Amy MacQueen answered on 23 Jun 2011:
Ooooh I like this one! Well, you’d first have to hope the city didn’t have any rain that day or the lithium would have already reacted with it to form hydrogen gas and lithium hydroxide!! But pending a dry day you would next have th problem of heating the city (how are you going to do this?) …but say you COULD heat up the city are you heating the lithium (you said it was outside). If the lithium is inside the city but just outside a house or something then I would say that it won’t really do anything (it doesn’t melt until it is heated to 180oC).
Oh also, cunning fact, lithium is used as a neutron absorber in nuclear fusion – this is how a lot of tritium is made which I work with!! 🙂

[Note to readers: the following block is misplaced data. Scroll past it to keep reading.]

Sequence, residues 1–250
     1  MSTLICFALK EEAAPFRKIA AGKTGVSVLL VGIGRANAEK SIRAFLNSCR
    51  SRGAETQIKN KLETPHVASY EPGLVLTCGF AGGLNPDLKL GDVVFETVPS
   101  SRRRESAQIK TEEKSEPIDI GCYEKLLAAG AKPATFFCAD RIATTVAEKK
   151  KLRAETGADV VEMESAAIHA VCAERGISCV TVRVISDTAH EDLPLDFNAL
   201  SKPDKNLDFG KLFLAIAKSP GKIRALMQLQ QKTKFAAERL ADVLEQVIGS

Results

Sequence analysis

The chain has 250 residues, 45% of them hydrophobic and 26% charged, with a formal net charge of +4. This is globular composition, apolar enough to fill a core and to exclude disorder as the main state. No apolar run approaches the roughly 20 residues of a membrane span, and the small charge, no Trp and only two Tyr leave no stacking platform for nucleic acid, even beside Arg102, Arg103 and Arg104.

So, although lithium is used in a lot of weaponry it is usually as its complex hydrides, such a Li[AlH4]. So I don’t think it would explode unless micxed with other stuff.
But the other scientists can correct me if I’m wrong! 🙂
Drew Rae answered on 23 Jun 2011:
Hi Mjones. Every element has an autoignition temperature at which they just catch fire when they are in a normal atmosphere. White Phosphorous for example will go up at around 34 degrees, which is why it is kept submerged.
You’ve picked a good example in Lithium. Lithium batteries can be a real problem for autoignition. I’ve been trying to find out exactly what the autoignition point is for metalic lithium, but it doesn’t seem to be readily available. Lots of people quote the fact that it is below the temperature of a typical suppressed cargo fire in an airplane, but don’t say exactly what it is.
So to answer your question, it’s a definite yes if the temperature is high enough, but exactly how high depends on exactly which metal.